One of my absolute favorite set of activities we do with the kids at Mission Cognition Social Skills Development Center is related to non verbal communication. In the office, we call these our “No Words” days. On these days, staff are not allowed to communicate using words. They must rely solely on gestures, expressions, eye gaze, body language and posturing to communicate to the kids what they should be doing and how to do it as well as when to stop and what not to do at all.
We serve a wide range of kids with lots of different behavioral deficits and excesses. We’ve got the kids who are constantly interrupting and bopping from one topic or activity to the next and not demonstrating social awareness to identify when friends may be bugged or frustrated by their actions. We’ve got the kids who are easily distracted by various stimuli in the environment, orient away from what we would identify as an attentional priority and need 1:1 directions, reminders to transition or stop/start a task with the rest of the group. We’ve got the kids who have tons of language but have difficulty knowing when it’s a good time to join in or initiate an interaction and when an interaction needs to change or end all together or even how to interpret what we may consider some very basic gestures.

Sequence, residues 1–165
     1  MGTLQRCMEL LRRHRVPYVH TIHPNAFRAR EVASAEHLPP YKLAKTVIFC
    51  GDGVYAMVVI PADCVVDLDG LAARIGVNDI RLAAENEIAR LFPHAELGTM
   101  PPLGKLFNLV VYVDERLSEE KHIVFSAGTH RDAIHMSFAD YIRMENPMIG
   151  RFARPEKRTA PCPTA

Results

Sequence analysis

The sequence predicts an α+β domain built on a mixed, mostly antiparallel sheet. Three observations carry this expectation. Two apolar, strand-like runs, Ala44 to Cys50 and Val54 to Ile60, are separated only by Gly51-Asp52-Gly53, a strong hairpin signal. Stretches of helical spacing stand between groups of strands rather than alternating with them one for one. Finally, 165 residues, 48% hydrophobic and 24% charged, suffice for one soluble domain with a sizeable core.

Even with all of these differences in learner profiles, It never fails, the kids are so quiet and attentive on these “no words” days, even though they are allowed to talk to staff and to one another.
Everything sloooooows down. The kids must constantly be referencing staff in order to make successful decisions. It’s also consistently surprising to us which kids struggle with this and which kids excel. When we first started doing these activities, we were shocked that some of our “highest functioning” kids with typical / near typical expressive language skills were not able to interpret head nods and shakes to make decisions.
Because so much of what we communicate day to day is done without words, it is imperative that we are teaching our learners how to attend to and interpret what is unspoken in order to be the more skilled socially.
What have you done lately to condition your face and attention as a reinforcer?
Why should our kids want to or need to look at us?
Will you accept our challenge and have a “no words day” (okay, okay, even 10-15 minutes has value) ?
Check out our video here on earning eye contact and some other great resources below: